The LIFE Water and Disturbance Environmental Restoration (WADER) project, led by Natural England, will restore damaged river and coastal habitats using a range of techniques.
The project aims to reduce river pollution at source, improve water quality, restore wildlife rich habitat and combat climate change through nature recovery.
Four Special Areas of Conservation (Berwickshire and North Northumberland Coast, Tweed Estuary, River Tweed, and North Northumberland Dunes) will benefit from the work, as well as two Special Protection Areas (Lindisfarne and Northumbria Coast). Lindisfarne National Nature Reserve lies at the heart of the project area.
To improve water quality and the ecological condition of habitats, the project will tackle pollution, control invasive species, remove macroalgae that can smother intertidal habitats, reduce disturbance to birds, protect mammals, and nurture sensitive habitats.
The project sites have seen an increase in visitors during the pandemic and work will also take place to educate visitors about the important role nature plays in tackling climate change and inspire them to take action to protect it.
Natural England has teamed up with the Environment Agency, Tweed Forum and Newcastle University to deliver the project.
Natural England’s area manager, Christine Venus, said: “Nature is our most precious asset and Natural England is leading its recovery by bringing together partners who can combine their resources and expertise to help the natural environment thrive once more.
“Together we have been able to secure LIFE funding for this project which will improve the ecological condition of more than 49,000 hectares of habitat within the River Tweed catchment and along the Northumberland coast. It’s a fantastic opportunity for nature recovery at a truly landscape scale and we can’t wait to get started.”
The Environment Agency is employing a dedicated project officer to work with landowners and farmers to improve soil health which will boost crop production at the same time as improving water quality.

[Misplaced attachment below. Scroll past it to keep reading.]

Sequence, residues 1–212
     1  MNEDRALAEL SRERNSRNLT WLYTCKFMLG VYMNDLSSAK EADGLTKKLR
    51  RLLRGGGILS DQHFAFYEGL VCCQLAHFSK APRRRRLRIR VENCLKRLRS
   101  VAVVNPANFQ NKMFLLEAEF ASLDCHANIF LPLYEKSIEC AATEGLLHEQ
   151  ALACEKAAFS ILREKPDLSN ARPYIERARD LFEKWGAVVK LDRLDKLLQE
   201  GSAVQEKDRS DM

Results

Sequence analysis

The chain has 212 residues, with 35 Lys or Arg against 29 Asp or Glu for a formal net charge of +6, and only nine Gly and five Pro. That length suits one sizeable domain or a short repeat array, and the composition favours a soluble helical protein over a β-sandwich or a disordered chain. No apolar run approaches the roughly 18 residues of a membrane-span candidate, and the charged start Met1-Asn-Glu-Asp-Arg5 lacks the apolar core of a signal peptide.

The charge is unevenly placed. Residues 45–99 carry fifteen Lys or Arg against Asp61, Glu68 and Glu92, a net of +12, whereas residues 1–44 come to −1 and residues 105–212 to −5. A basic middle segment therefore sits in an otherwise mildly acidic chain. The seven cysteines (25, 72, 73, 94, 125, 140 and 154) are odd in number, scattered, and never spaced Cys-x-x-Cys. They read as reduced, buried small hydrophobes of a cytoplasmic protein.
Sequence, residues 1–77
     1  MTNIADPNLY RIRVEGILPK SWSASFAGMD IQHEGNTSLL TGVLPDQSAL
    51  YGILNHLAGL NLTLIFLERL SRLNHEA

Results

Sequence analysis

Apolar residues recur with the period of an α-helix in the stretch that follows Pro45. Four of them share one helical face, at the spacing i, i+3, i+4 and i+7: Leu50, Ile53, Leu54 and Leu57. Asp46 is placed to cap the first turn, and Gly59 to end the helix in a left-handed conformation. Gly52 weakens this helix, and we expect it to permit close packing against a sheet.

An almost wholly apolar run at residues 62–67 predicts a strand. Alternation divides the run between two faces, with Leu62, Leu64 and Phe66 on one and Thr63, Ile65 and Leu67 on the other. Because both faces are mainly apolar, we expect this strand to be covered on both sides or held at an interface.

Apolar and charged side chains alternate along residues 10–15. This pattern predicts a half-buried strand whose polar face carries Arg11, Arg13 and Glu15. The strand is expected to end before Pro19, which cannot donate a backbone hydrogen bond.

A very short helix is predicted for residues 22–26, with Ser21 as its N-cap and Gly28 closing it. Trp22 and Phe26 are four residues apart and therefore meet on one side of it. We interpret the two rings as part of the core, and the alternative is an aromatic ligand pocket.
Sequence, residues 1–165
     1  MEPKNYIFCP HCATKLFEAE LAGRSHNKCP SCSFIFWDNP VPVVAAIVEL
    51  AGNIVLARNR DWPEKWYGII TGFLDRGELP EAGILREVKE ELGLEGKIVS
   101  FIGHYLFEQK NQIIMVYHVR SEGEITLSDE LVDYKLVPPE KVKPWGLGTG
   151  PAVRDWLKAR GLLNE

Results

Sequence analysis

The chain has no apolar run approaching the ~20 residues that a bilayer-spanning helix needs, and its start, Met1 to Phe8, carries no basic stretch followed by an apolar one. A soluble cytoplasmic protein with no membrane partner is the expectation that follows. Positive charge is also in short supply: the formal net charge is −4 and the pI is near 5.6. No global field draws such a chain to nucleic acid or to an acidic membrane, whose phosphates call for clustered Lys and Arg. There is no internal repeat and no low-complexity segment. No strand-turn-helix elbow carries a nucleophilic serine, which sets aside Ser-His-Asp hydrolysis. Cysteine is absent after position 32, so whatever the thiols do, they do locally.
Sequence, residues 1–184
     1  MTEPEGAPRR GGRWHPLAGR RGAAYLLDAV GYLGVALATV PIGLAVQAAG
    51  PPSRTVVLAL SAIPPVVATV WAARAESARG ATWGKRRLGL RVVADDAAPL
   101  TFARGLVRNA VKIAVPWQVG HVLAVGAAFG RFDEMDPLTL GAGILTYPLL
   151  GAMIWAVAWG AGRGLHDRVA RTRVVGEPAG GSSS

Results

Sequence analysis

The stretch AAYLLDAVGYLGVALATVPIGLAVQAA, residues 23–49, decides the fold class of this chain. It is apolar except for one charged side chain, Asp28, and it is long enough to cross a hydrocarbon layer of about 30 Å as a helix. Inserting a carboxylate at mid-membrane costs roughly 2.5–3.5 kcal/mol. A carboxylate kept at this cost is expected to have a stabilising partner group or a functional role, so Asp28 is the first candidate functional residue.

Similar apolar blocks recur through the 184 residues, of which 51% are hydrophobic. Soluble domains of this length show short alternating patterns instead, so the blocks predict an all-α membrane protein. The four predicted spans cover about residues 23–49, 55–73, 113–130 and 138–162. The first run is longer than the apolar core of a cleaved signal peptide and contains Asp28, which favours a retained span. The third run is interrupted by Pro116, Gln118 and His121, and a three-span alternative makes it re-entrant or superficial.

Heather Harrison, environment programme officer from the Environment Agency, said: “This project aims to bring organisations together so that we deliver multiple benefits by working in the same location at the same time. An example of this can be seen at the Breamish River Restoration Project.
“As part of our work to bring the river back to its former glory, we will plant trees along river corridors, create new reed beds and form new areas of wetland. By combining this activity, we will deliver multiple benefits for water quality, flood risk management, carbon capture, biodiversity and nature recovery.
“Previously, organisations may have worked individually to deliver these outcomes, but this LIFE project combines our skills and funding so that we can deliver more for the environment.”
Tweed Forum director, Luke Comins, said: “The project will galvanise cross border action and bring enormous benefits, not only to downstream water quality, but for carbon sequestration, recreation, biodiversity, and flood risk management.”
Dr Aileen Mill, director of expertise for ecosystems at Newcastle University, said: “Researchers within the School of Natural and Environmental Sciences are excited by the opportunity this funding offers to strengthen our existing partnerships across the North East.”